93 FEDERAL REPORTER.
the supreme court uses, the fonowing expressions: "Upon inithe case, the judgment was one which must necessarily In the case at bar the "facts" were tho$e .found by the jury. ' To whichever count It assigned its verdict, it J:!1ust, as we, have already said, have fQun\lall tMfacts alleged in the third and therefore, any event; to, support It the;l'efore becollleB ummportal,lt Wllether or not the wasm error On ,the ,question whether the guy 'concerned "ways, works or machinery," or in regardto the alle'ge(i negligence of a person charged with sUPerintendence II). the statutol'y sense.' In any view of the case, facts enough being found to sustain the, verdict on the third count, the judgment must stand. ' " We can go further. " On the whole c:ts,e there is, as we have already said, the uncontrovertible presumption that the defendant below, in operating this part of its line, w,as bound to great vigillfnce and care. There, is unQ,oubted evidence that it knew that the gliY was to be stretchedQver the track; that it ;hl;ld ample to provide in it should be set at a proper height; that omission to accomplish this was pegIigence toWa1'9sthe plaintiff below; that there was no e.vidence, within, the e;qiressiohs of Railway Co.' v. Archibald, already cited, that he lpJ,ewof the defect, or that it was plainly observable by him; and the circllmstances of the case, ,show that, performing his duties as he was required to perform theill,he could not easily haVie, known it.. So that, on thE:l.whole case, if tlle verdict had been for theliefenda,pt below, the cOllrt below would have been required, as the rule is now applied, to )lave set it aside. Ou the whole, on the uncontrovertiblefads of the case, a verdict and judgment for the plaintiff below were tlle only verdict and judgment which could properly have been rendered; and therefore the rule applies which is stated in Decatur Bank v. St.Louis Bank, already referred to, at page 301, that, to warrant the 'reversal of a jUdgment, there must not only be error, but the error must be such as to have worked injury to the party complaining. A!l the. other alleged errors are covered by what we have already said, or are so clearly not errors as not to require any expression of our views about them. The judgmentof the circuit court is affirmed, with interest, and the defendant in error recovers his costs in this court. all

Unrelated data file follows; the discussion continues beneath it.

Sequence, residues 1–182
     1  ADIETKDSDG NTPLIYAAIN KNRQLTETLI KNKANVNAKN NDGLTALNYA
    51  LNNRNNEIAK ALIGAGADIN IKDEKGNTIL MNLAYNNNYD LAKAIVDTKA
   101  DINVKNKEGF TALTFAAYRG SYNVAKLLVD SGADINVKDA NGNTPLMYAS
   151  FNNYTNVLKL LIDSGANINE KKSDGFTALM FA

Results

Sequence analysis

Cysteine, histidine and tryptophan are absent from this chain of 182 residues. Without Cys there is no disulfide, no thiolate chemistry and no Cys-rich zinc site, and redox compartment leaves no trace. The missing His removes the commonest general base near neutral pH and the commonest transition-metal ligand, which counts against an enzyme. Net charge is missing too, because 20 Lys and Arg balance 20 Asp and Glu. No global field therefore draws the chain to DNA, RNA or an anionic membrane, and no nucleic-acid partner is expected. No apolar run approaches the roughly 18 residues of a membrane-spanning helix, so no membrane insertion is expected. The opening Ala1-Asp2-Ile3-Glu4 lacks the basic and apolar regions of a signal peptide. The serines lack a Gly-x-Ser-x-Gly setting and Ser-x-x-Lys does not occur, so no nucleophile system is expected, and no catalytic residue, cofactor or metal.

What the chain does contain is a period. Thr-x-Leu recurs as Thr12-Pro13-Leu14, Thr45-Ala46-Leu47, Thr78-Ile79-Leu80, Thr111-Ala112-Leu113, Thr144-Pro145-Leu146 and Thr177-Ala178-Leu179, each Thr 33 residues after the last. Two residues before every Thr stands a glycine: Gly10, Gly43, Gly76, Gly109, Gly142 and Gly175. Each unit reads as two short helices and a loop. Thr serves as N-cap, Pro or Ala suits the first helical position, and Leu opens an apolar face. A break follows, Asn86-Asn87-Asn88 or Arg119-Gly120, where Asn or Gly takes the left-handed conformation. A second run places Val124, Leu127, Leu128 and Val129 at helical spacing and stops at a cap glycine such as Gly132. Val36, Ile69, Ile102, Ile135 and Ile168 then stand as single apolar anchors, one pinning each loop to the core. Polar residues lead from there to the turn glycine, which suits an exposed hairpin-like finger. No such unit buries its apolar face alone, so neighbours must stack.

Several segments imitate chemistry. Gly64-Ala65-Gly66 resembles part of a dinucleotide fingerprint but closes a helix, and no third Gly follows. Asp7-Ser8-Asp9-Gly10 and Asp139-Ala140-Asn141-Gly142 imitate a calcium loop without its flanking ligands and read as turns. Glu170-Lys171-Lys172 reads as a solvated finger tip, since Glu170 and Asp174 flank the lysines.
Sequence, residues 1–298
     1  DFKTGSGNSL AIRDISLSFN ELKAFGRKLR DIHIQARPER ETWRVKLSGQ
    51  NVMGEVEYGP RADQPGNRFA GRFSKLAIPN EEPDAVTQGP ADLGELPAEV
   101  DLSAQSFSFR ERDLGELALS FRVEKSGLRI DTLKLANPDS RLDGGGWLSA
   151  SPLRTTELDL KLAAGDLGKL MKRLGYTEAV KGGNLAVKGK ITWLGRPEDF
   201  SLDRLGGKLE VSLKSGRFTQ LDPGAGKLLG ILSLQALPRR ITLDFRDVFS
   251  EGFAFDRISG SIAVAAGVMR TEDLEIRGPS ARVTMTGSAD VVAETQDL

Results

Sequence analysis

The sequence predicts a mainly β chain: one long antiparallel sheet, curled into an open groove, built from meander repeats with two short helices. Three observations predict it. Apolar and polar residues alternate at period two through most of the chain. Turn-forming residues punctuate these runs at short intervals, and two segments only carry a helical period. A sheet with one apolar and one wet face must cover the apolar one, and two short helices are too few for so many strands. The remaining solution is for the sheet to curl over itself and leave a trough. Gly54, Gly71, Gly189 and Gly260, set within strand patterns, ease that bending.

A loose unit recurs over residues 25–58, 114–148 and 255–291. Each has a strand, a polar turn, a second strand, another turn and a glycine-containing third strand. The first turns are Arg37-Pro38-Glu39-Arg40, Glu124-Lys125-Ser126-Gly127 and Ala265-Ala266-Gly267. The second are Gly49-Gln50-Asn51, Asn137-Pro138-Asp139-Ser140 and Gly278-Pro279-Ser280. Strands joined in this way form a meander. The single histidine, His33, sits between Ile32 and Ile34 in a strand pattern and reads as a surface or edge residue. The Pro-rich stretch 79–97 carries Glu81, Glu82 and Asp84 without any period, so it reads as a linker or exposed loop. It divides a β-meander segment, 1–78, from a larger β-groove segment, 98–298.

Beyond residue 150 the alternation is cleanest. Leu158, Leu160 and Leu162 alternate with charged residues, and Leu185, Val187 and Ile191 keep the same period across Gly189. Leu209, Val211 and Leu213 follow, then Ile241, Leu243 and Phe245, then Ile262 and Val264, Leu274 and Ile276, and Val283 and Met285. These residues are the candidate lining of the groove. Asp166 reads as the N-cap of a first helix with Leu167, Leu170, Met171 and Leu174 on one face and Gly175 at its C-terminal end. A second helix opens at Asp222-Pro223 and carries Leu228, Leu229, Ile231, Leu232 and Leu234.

CHOCTAW, O. & G. R. CO. 10,
FUEL & IRON CO. May 2, 1899.) Term.
(Circuit Court of Appeals, Tliird Circuit.
SALE-PERFORMANCE OF CON1'RACT-PLACE· OF DEI.IVERY.
Defendant railroad company purchased from plaintiff J;ails to be used In the construction of its road, to be delivered, at its option, at either one to be paid by defendant, and deof two points on its road; the ducted from the purchase' price. One of the points of delivery was further from the place of, shipment, than the other, and could reached by either of two railroads, while but one of them reached the nearer point. Defendant made a private contract with the latter road, by which it
CHOCTAW, O. &: G. R. CO. V. COLORADO FUEL & IRON CO.
agreed to bill the ralls to the further point at a fixed rate, but to actually deliver them at the nearer point, the defendant to transport them the remainder of the distance on its own rood, and to receive a portion of the freight. Defendant then notified plaintiff to ship the rails to the nearer point, which it did. Held, that when the rails reached such point, and were there delivered to defendant, their delivery under the contract was complete, and defendant was not entitled to credit on the price for any freight beyond that actually paid to such point. If delivery was to be made at the further point, plaintiff had the. right to ship by either road, and to whatever benefit it might have secured through the competition, of which right it was deprived by the direction given.